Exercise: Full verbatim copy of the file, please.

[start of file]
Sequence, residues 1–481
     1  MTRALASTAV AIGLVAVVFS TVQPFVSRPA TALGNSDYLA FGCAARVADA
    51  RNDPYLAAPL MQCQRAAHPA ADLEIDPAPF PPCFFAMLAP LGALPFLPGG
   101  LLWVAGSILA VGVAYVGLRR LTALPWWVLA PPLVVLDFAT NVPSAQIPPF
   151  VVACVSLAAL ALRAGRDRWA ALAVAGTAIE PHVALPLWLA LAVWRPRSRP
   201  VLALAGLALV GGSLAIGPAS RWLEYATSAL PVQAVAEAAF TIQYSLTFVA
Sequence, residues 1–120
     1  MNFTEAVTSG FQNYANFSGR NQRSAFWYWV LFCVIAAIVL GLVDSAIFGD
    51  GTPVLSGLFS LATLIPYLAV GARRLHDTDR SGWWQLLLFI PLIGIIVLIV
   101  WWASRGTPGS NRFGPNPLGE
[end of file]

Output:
Sequence, residues 1–481
     1  MTRALASTAV AIGLVAVVFS TVQPFVSRPA TALGNSDYLA FGCAARVADA
    51  RNDPYLAAPL MQCQRAAHPA ADLEIDPAPF PPCFFAMLAP LGALPFLPGG
   101  LLWVAGSILA VGVAYVGLRR LTALPWWVLA PPLVVLDFAT NVPSAQIPPF
   151  VVACVSLAAL ALRAGRDRWA ALAVAGTAIE PHVALPLWLA LAVWRPRSRP
   201  VLALAGLALV GGSLAIGPAS RWLEYATSAL PVQAVAEAAF TIQYSLTFVA
Sequence, residues 1–120
     1  MNFTEAVTSG FQNYANFSGR NQRSAFWYWV LFCVIAAIVL GLVDSAIFGD
    51  GTPVLSGLFS LATLIPYLAV GARRLHDTDR SGWWQLLLFI PLIGIIVLIV
   101  WWASRGTPGS NRFGPNPLGE